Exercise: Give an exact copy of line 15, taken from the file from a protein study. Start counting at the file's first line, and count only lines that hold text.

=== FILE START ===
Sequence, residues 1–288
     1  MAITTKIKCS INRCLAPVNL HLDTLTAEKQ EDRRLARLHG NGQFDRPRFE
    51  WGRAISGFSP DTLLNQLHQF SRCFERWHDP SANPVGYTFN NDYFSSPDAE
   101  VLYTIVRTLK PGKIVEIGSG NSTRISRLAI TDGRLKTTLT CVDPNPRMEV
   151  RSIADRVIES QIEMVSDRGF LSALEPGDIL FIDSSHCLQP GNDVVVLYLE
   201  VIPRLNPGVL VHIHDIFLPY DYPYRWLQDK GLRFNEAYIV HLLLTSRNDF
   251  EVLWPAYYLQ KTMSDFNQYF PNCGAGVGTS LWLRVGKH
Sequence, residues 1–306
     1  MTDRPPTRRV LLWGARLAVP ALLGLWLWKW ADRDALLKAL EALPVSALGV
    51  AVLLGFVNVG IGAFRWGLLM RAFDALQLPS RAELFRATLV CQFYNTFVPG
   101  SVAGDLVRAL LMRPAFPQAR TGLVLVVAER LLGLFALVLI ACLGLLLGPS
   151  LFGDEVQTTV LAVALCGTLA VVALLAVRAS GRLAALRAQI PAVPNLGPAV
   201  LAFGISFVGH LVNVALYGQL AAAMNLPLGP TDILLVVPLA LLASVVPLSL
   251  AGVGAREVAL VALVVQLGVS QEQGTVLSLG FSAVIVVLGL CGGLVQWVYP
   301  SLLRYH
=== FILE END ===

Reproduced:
   301  SLLRYH